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Dental Emergencies

Emergency Dental Procedures

Abscess Treatment of Orofacial swelling or Cellulitis

An abscess is a collection of pus that has accumulated caused by bacteria through gums or tooth decay. It is a defensive reaction of the tissue to prevent the spread of infectious materials to other parts of the body. Abscesses rarely heal themselves, so prompt medical or dental attention is indicated at the first sign of an abscess. The rapid spread of this infection through connective tissue spaces, is often referred to as cellulitis. Cellulitis usually develops quickly, over the course of hours, and may follow an inadequately managed or ignored local dental infection. If the infection spreads to involve the floor of mouth and pharyngeal spaces, the airway can be compromised (difficulty in breathing). Cellulitis involving the tissue spaces on both sides of the floor of mouth is described as Ludwig’s angina. Such presentations require immediate attention.

Localized dental abscesses may be appropriately treated by intra-oral drainage via tooth extraction, opening of root canals and/or intra-oral incision and drainage. Wherever there are signs of spreading cervico-facial infection or significant systemic disturbance, however, patients should be referred urgently further management.

Toothache Pain Relief

Severe toothache pain is definitely a dental emergency! An oral examination including X-rays will discover the cause. In most cases toothaches are caused by problems in the tooth or jaw, such as cavities, tooth decay, gum disease, the emergence of wisdom teeth, a cracked tooth, or severe gum infection.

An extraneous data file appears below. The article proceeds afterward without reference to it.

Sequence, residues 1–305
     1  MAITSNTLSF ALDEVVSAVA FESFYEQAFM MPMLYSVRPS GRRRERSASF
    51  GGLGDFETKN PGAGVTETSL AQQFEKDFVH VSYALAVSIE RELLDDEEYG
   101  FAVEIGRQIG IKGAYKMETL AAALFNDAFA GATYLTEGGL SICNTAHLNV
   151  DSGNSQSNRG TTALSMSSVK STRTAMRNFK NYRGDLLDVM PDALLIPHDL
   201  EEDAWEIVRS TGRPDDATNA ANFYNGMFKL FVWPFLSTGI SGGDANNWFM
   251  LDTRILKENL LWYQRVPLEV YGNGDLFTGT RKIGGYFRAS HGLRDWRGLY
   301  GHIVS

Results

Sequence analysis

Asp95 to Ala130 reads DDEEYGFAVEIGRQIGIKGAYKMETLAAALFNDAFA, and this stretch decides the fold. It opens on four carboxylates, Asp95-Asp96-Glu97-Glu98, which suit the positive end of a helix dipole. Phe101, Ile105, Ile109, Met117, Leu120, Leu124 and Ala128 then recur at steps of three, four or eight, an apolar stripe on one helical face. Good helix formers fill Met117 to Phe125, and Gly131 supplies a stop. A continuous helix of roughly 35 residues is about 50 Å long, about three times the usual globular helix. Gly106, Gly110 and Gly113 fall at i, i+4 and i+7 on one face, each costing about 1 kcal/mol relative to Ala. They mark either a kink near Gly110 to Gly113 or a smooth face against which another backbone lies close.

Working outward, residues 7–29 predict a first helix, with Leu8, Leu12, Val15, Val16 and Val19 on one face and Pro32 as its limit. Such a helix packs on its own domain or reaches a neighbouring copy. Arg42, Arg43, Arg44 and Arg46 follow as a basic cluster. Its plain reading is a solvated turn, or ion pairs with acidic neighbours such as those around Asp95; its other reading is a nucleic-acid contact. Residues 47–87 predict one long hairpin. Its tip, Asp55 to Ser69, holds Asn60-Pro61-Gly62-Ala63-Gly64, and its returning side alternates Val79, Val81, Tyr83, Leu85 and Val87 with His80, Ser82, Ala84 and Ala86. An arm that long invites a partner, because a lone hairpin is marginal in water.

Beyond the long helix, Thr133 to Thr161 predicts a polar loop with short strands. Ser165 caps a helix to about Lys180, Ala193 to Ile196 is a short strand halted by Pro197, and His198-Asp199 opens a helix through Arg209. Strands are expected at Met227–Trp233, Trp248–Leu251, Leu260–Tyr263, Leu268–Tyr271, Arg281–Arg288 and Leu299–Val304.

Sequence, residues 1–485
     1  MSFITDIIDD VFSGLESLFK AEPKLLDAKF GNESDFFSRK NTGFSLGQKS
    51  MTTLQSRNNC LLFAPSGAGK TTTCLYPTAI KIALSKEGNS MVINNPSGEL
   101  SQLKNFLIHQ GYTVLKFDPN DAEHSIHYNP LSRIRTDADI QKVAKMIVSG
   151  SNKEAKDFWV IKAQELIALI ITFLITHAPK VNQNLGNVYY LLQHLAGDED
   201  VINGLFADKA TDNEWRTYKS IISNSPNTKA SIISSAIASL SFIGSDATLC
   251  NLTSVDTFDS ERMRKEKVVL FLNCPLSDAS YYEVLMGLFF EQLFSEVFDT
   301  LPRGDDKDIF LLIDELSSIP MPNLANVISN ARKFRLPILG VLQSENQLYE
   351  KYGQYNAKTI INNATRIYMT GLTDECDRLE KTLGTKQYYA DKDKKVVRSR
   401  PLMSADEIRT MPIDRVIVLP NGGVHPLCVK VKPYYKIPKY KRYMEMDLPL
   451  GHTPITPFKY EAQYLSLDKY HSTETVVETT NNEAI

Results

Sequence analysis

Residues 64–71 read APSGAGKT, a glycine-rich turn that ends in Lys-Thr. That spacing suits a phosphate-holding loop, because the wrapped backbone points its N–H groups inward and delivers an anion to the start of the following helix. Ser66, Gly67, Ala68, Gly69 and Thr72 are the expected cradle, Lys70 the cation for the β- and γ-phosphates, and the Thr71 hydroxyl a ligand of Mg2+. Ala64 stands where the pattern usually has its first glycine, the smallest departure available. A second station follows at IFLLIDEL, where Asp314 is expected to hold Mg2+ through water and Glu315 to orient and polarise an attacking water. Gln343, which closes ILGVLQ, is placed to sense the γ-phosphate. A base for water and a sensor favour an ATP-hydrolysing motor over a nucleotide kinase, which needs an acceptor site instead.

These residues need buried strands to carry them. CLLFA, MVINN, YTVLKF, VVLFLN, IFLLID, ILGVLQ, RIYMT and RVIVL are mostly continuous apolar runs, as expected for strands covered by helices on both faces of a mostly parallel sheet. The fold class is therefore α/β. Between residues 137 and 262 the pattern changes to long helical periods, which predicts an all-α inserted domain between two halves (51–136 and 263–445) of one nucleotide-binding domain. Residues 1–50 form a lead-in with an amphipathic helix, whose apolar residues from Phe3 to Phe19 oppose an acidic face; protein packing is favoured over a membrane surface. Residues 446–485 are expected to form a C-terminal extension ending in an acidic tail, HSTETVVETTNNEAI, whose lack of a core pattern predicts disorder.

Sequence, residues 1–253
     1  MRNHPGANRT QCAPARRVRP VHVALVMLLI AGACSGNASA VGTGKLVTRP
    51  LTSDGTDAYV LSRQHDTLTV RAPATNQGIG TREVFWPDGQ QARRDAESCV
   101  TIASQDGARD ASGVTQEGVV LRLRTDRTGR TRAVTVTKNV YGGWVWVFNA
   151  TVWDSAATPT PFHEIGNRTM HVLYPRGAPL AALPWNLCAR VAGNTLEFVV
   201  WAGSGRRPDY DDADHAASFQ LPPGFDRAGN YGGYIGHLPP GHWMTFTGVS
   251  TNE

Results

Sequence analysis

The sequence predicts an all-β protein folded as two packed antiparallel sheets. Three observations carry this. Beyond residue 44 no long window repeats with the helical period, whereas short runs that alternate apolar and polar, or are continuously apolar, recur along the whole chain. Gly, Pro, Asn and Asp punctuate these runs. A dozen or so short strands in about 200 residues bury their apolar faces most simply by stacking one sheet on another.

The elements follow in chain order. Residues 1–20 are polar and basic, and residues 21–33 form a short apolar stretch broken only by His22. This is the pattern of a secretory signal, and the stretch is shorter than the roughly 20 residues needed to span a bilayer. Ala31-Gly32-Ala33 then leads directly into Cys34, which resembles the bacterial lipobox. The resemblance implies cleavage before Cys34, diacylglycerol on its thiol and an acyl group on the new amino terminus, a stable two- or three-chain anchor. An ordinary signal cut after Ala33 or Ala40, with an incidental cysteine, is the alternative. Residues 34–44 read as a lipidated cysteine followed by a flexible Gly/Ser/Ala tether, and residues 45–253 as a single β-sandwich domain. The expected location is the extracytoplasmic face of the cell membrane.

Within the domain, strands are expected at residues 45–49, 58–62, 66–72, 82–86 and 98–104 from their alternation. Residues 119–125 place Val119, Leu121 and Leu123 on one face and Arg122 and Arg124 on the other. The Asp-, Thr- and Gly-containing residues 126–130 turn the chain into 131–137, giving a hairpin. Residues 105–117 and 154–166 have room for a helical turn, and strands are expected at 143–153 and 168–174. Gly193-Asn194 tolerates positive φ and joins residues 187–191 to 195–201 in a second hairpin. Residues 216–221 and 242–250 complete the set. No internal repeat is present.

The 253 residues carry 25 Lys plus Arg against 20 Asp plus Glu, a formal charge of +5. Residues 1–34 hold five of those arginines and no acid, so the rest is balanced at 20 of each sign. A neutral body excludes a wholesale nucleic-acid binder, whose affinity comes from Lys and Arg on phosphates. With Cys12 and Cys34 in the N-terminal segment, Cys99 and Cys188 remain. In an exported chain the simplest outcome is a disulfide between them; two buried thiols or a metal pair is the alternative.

Emergency Extractions

A dental extraction is the removal of a tooth from the mouth. Immediate persistent pain is usually the result of tooth decay. Extensive decay is the most frequent indication for extraction of teeth. Even if there is no pain, it is often desirable to remove the damaged tooth for aesthetic reasons. Extractions of impacted or painful wisdom teeth are routinely performed.

Crown Replacement or Repair

A crown or full-coverage restoration (sometimes called a cap) is a prosthetic tooth. A damaged tooth may be difficult or impossible to restore to correct form and function using a direct dental restorative material. In such cases, we produce a customized tooth shape in the chosen material that will fit the damaged tooth exactly, somewhat like a thimble fits over a finger to protect it. Crowns can also be used to support bridgework which replaces missing teeth adjacent to the crowned teeth and may be required in cases of very severe staining or where the visible form of teeth need to be realigned without the use of orthodontics.

Root Canal Treatment

An infection of the root canal – if left untreated – can result in a serious jaw infection. To cure the infection and save the tooth, it is necessary to drill into the pulp chamber, and remove the infected pulp by scraping it out of the root canals and then filling the cavity with an inert material and sealing up the opening. If enough of the tooth has been damaged, or removed as a result of the treatment, a crown may be required following root canal treatment.

Tooth Fracture

Complete Tooth Avulsion

Tooth is completely displaced out of the socket. Desiccation of periodontal ligament can not occur, as well as pulpal necrosis if no immediate action is taken place. Tooth is absent from socket. Depends on the maturity of the tooth, how the tooth was stored and patient cooperation. If tooth has been kept in favourable conditions and periodontal ligament is not necrotic, then tooth is replanted. Tooth is not replanted to avoid damage to developing tooth germ

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